“The results of our meta-analysis are not compatible with the hypothesis that the clinical effects of homoeopathy are completely due to placebo.”

The reason Wikipedia likes Linde is because in a susequent addendum Linde moderated their results by saying that more rigorous trials revealed less positive results. But Linde never recanted their basic statement that homeopathic remedies are not placebos.

Linde is not the only meta analysis that blows up in the face of those who are desperate to disprove homeopathy.

A 1991 systematic review of clinical trials, published in the British Medical Journal stated:

The amount of positive evidence even among the best studies came as a surprise to us. Based on this evidence we would be ready to accept that homoeopathy can be efficacious, if only the mechanism of action were more plausible . .  “The evidence presented in this review would probably be sufficient for establishing homoeopathy as a regular treatment for certain indications. There is no reason to believe that the influence of publication bias, data massage, bad methodology, and so on is much less in conventional medicine, and the financial interests for regular pharmaceutical companies are many times greater. Are the results of randomised double blind trials convincing only if there is a plausible mechanism of action? Are review articles of the clinical evidence only convincing if there is a plausible mechanism of action? Or is this a special case because the mechanisms are unknown or implausible?Kleijnen J, Knipschild P, ter Riet G. Clinical trials of homoeopathy, British Medical Journal, 1991; 302: 316–323. tinyurl com/kleijnen

If it’s saying what you  want it to say, or, if you know it isn’t true, and you’re motivated to expose the lie, if you have the conviction of your beliefs, it’ll be your red meat, or fakin’ bacon if you’re vegan.

So now who’s administering placebos?

The word “placebo” does not even appear in the NCCAM article, the article that up to a few hours ago Wikipedia listed as its validaiton for the placebo claim. The NCCAM article does not describe homeopathic treatment to be ineffectual or intended to deceive, as Wikipedia suggested it would.

The word “homeopathy” refers to the phenomenon of like cures like, as is seen in the use of vaccines. In an effort to maintain equilibrium, organisms can react intensively to small doses of toxins, especially when dissociated. Hahnemann’s word homoeopathy (meaning same suffering) or the putative word homeopathy (meaning similar suffering) do not refer to the material phase of a pharmacuetical’s content as solid, liquid, gaseous or plasma (ionized). Any phase of matter can induce a homoeopathic reaction. Homeopathic medicines are noted for their use of the ionized pharmaceuticals, created by molecular dissociation when serially diluted in water, but the homeopathic application is not limited to ionized materials.

In the U.S., homeopathic remedies are regulated by the Federal Drug Administration. The original rules covering the use of homeopathics were a part of the Food Drug and Cosmetic Act sponsored by Senator Royal S. Copeland, M.D. (D-NY), a homeopath.

That’s right. Your eyes are not deceiving you, you are not hallucinating.

The Godfather of the FDA was a homeopath.

Like the current reference to Linde, the NCCAM article implies the opposite of what Wikipedia claimed it said. The NCCAM article states,

“While many homeopathic remedies are highly diluted, some products sold or labeled as homeopathic may not be highly diluted; they can contain substantial amounts of active ingredients. Like any drug or dietary supplement that contains chemical ingredients, these homeopathic products may cause side effects or drug interactions. Negative health effects from homeopathic products of this type have been reported.”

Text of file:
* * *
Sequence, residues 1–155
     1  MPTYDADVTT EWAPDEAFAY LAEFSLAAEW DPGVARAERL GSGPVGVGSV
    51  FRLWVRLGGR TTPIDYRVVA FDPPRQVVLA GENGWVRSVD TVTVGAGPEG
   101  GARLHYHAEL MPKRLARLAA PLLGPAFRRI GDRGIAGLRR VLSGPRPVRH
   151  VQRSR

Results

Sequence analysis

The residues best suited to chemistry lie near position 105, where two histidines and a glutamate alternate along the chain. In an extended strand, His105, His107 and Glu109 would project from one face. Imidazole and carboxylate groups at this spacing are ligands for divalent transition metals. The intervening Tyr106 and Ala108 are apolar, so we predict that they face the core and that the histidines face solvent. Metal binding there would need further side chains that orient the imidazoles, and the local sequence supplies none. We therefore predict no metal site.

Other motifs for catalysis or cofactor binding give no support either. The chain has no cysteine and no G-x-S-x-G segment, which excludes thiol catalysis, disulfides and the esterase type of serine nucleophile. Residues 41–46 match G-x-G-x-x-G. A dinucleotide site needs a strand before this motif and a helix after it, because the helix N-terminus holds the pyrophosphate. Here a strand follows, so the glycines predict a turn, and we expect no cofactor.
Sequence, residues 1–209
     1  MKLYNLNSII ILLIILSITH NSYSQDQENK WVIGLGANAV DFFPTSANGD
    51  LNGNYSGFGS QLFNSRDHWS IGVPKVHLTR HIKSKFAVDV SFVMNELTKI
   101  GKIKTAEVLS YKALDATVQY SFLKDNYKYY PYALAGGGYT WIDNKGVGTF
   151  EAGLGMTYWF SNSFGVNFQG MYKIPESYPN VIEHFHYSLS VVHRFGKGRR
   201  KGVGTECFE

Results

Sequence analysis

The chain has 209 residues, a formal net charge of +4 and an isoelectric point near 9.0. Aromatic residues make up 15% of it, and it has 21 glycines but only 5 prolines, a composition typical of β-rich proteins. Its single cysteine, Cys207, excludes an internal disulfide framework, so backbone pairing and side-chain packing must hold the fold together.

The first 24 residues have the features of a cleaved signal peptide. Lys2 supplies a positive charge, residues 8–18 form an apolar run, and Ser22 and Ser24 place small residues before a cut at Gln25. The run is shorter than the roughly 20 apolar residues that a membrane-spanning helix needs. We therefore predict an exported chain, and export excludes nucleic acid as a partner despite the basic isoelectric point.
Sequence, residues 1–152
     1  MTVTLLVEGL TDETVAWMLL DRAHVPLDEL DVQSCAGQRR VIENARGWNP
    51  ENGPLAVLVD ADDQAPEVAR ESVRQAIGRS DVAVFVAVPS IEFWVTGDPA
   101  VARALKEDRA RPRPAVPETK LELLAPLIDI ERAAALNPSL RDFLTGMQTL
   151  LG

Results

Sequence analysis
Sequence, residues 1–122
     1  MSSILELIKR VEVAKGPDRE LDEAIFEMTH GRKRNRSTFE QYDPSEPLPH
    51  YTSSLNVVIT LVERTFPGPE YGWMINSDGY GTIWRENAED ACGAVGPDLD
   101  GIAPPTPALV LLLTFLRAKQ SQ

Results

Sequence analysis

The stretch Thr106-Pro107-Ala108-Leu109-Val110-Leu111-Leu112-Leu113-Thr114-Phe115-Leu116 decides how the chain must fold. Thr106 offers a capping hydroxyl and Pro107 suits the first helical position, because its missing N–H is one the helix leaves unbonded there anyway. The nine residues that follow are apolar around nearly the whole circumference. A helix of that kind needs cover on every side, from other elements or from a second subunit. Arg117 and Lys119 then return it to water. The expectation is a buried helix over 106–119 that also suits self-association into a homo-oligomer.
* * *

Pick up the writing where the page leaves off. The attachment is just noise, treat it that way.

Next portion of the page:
The NCCAM article was not the first time Wikipedia was caught falsifying the placebo claim. This blog made note of the same charge in its entry on January 29th, 2012. (Wikipedia and the Case Against Homeopathy)

At that time the Wikipedia article on Homeopathy read, “The collective weight of scientific evidence has found homeopathy to be no more effective than a placebo.[2][3][4][5][6]


As you can see, WIkipedia is caught in a crossfire of its own references. Like a ping pong match, once again, tracing back to footnote number two we found, at the end of the rainbow, Edzard Ernst’s Systematic Review of Systematic Reviews of Homeopathy, which stated,

“The existence of contradicting evidence is not unusual in therapeutics. One solution to resolve such contradictions is to conduct systematic reviews and meta-analyses of rigorous studies. In 1997, Linde et al did just that. The conclusions of this technically superb meta-analysis expressed the notion that homeopathic medicines are more than mere placebos.”

Not one major meta analysis has been able to effectively conclude that the action of homeopathic remedies is due solely to the placebo effect. Not even Shang, the most popular homeopathy meta analysis among skeptics, was able to clearly conclude that the effect was from chance, iatrogenesis or “placebo,” admitting “a weak effect.” A review of the data by independent analysis of Shang determined that even in this most damning meta of homeopathy, ”Homeopathy had a significant effect beyond placebo.” Ludtke Rutten

The literature for the homeopathic placebo simply doesn’t exist. The urban legend was a badly executed deception popularized by James Randi 14 years ago to support his phony offer of one million dollars ($1,000,000) to prove homeopathy, an offer that his supporters, which includes the pharmaceutical drug industry, are still desperately hanging onto as proof that homeopathy is unprovable.

The question remains, who wrote the Homeopathy article for Wikipedia, and how much were they paid, out of whose pocket?